In the research I've done (17th-18th centuries), contracts often required craftsmen to provide apprentices with clothing. Servants were also often given clothing, not necessarily according to a contract but it was considered part of their salary to be handed down clothes or given gifts.

Also, it would probably take a seamstress between thirty and forty hours to make a shirt. I've handsewn a few shirts and it always took me longer, but I'm not that skilled.

Okay, enough nitpicking. This is a terrific article and the sort of history that there should be more of.

Anonymous said...

A wonderful article! But two notes: Wikipedia notes the yoke wasn't invented till the 19th century. (With a reference!)

And the spinning wheel was invented around the 11th century -- imagine the work to make a shirt spinning with a spindle!

Mona said...

I'd like to chime in on the topic of spinning. A hobby spinner with some practice can produce a few yards of yarn within a few minutes - on a spindle. A spinning wheel is even faster than that. Now, spinning one thread does not give you a finished yarn, there might be plying involved, maybe also washing and fulling (but weavers might use the yarn straight from the spindle). The fibre also usually has to be prepared before you can spin it (carding or combing), especially if you want a fine smooth thread. Without knowing more about the source you quoted, it is hard to tell what exactly they did at the quoted Dark Age site and how they arrived at that number.
However, a general problem with these things is the skill gap. An experimental archaeologist who plays around with a spindle will never reach a speed (and quality) comparable to that of ancient and medieval spinners who started to do this as very young children.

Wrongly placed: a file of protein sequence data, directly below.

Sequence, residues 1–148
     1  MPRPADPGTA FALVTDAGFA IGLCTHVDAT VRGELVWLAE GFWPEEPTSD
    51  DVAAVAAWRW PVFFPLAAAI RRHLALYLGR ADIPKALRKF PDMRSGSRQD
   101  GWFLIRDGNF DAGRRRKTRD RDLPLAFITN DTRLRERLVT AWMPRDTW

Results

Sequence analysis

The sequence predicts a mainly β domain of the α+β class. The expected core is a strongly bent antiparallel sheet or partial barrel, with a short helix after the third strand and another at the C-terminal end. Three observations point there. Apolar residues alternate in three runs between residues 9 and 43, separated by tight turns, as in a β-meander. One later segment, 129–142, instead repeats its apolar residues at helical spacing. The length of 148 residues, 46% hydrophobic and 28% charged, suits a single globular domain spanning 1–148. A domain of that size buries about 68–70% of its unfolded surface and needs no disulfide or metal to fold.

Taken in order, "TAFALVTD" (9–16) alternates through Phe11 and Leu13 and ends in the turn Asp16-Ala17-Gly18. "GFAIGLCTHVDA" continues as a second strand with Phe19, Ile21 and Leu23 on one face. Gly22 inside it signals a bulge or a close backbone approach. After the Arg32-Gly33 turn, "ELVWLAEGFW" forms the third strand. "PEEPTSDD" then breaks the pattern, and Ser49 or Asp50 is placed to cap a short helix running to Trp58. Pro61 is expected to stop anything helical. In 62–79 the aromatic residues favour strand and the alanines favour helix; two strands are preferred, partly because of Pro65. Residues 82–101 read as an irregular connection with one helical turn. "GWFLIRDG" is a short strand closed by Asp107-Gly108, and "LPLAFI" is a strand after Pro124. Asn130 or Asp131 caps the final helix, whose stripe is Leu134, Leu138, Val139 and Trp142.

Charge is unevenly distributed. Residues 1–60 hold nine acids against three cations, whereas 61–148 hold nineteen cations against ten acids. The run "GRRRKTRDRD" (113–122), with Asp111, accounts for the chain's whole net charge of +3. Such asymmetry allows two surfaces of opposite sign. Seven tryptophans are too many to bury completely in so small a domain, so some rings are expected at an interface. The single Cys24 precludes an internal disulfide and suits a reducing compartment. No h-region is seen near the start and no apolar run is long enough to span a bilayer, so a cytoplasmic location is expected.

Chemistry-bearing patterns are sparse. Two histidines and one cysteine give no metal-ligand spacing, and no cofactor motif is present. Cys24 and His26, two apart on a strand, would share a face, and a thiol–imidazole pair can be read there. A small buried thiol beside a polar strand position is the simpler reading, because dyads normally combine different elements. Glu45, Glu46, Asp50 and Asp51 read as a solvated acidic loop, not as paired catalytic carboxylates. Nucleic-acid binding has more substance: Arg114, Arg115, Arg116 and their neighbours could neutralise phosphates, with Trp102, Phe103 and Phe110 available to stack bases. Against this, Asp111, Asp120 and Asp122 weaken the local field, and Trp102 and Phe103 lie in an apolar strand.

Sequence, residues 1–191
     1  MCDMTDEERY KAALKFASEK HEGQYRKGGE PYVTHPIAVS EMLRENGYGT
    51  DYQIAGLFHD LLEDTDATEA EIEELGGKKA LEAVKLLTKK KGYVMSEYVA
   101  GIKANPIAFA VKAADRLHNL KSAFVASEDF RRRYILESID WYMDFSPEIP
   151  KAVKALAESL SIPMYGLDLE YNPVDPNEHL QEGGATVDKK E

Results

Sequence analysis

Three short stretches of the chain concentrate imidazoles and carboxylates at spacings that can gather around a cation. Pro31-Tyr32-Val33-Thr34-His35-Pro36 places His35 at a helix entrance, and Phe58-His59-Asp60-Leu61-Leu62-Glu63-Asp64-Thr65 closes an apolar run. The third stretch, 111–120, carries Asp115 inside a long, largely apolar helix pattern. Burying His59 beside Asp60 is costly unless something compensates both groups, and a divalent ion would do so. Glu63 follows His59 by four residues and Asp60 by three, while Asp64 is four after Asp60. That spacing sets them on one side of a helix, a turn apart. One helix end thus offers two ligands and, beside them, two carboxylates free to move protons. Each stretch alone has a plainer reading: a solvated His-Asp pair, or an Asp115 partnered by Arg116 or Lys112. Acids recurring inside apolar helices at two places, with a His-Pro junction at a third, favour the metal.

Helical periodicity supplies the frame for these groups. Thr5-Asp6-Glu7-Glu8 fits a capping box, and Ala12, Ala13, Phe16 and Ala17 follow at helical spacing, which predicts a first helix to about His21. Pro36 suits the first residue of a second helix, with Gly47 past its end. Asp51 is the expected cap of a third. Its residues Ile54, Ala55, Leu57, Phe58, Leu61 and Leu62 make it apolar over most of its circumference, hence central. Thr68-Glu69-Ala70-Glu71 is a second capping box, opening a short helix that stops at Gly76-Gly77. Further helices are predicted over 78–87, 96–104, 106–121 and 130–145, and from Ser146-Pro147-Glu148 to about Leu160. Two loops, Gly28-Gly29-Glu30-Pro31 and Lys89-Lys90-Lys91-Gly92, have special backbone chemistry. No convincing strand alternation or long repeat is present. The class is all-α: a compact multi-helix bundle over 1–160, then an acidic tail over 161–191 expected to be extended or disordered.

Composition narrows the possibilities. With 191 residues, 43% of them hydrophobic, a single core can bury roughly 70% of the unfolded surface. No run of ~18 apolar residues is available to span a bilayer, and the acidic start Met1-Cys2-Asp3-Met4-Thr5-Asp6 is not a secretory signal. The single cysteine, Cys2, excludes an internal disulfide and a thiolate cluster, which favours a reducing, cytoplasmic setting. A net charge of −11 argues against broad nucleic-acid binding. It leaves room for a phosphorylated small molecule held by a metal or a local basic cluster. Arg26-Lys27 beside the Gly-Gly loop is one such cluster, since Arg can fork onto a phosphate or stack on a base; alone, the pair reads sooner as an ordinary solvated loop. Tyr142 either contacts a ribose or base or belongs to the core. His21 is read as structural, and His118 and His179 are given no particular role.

It would be far more useful to look into cultures where until very recently spindle-spinning was still an everyday activity, like in some parts of South America or Asia.

Nevertheless, it is true that spinning was the most time-consuming part of textile production. I think for medieval Europe the general assumption is that an average household had one loom, and almost every household member had to do some spinning to keep the weaver(s) busy.
Even in the Industrial Revolution, spinning machines were lagging behind because they were more complex and challenging than mechanical looms, and the production process was slowed down by that.

Anonymous said...

I'm glad to see that other spinners have commented on the time to spin 4 yards. I thought it just couldn't be right as I started spinning on a drop spindle in my 50s and can do WAY more than 4 yards in an hour on the spindle.

Anonymous said...

This is a very misleading article and poor history.

The labour cost of making a $14 shirt today is 12c in Bangladesh. Nobody is earning anything like $7.50 an hour. Similarly, nobody was being paid the equivalent of $7.50 to make clothing before industrialisation.

The implication that because we would have to be paid at least $7.50 an hour today to make a shirt means clothing was ridiculously expensive in pre-industrial times is absurd. Most people made their own clothing inexpensively. If they hadn't, we would be talking about nakedmness.

Unknown said...

One major flaw with this. No one pays for every aspect of a product in one lump sum. The spinster pays for the thread to spin then sell that to whomever needs it. The next person pays for the thread and makes it into something. The next person pays for whatever is made. So there isn't that ridiculous lump sum payment at the end. The costs are divided among each level of manufacture. For someone giving an economics lecture, this is seriously flawed with the assumption that all production costs come due at the end for one individual which simply doesn't happen, except when someone makes and sells something themself (ie farmer growing fruit and selling it at side of the road fruit stand).